Can You Return To Therapy?
Like any lifestyle change, therapy can present challenges that seem impossible to achieve and exhausting to tackle. Whilst this is all a mindset, you may find yourself wanting to take a break from therapy. Or perhaps some unexpected changes in your life are forcing you to put your mental health on the backburner. Whatever your reasons, taking a break and returning to therapy at a late date is nothing to be embarrassed about. Your therapist will always understand that sometimes these important journeys need to be put on pause every now and again.
In these situations, you probably have not considered how returning to therapy shows your dedication to bettering yourself – this is what your therapist will acknowledge and focus on.
However, if you’re struggling with the first steps of getting back in touch with your therapist, don’t worry. As a therapist myself, I have put together a guide you can follow on how to reconnect with your therapist. And, if they are anything like me, they will be more than happy to have you back.
Tell your therapist you want to commit to therapy.
Simply getting in touch and booking an appointment might not communicate that you want to get back into a regular course of therapy. Instead, they may think you’re just dropping in for a one-off appointment, so it’s a good idea to be clear and let them know you’re back for good.
Explain why you had to take a break.
Believe it or not, your therapist has most likely been worried about you whilst you’ve been gone – especially if you left without a word of reason. Explaining why you had to take a break will probably result in your therapist asking essential questions that will better your journey and help you achieve your goals.
Talk about your time away.
Did you carry on with any practices your therapist may have recommended? Did you manage to keep your troubles in order? Or maybe your time away only served as a reminder that you’re not quite ready to be completely independent and free of regular therapy sessions. Despite the reason for your return, talking about what you’ve been up to and how you’ve been feeling will further support your progress.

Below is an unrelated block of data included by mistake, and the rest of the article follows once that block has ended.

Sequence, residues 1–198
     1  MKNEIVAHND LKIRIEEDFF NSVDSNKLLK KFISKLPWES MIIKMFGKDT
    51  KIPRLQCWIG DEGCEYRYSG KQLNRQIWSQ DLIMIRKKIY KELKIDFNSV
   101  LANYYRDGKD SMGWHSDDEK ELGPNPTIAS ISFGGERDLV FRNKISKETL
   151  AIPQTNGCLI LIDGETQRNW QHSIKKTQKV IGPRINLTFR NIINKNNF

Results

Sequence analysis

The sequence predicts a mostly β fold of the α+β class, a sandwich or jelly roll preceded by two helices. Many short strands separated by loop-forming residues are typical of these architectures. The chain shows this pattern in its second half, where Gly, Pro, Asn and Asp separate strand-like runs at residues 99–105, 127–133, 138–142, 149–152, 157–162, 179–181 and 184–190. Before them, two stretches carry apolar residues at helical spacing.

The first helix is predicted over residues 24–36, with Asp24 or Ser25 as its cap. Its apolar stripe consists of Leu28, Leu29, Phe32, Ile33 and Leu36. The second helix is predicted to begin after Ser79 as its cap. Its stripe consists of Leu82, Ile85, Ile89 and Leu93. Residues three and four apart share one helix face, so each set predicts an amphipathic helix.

Do you have any new goals you want to work towards?
Perhaps your time away has brought to light other areas you want to improve. Setting out achievable goals is an essential element of therapy and something you should let your therapist know from the start. If you make your aims clear, your therapist will be able to guide you in the right direction.
Be kind to yourself!
Don’t beat yourself up over leaving therapy. It’s a challenging journey to embark upon, and this can only be completed by you. If it requires breaks along the way, that’s ok! There are no right or wrong answers with therapy, and there is no one-size-fits-all approach. Instead, it is essential to do what’s right for you. However, choosing to get your mental health back on track after a break is arguably more courageous than starting therapy.
As you can see, one of the best things you can do for yourself is to return to therapy, even if it may seem daunting at first. Did you know that one in five clients will drop out of therapy before reaching completion, and those most likely to drop out are clients in their 20s? You should feel proud knowing you are considering making a return rather than adding to these statistics. Prove to yourself and others that you are willing to commit to therapy for the long haul.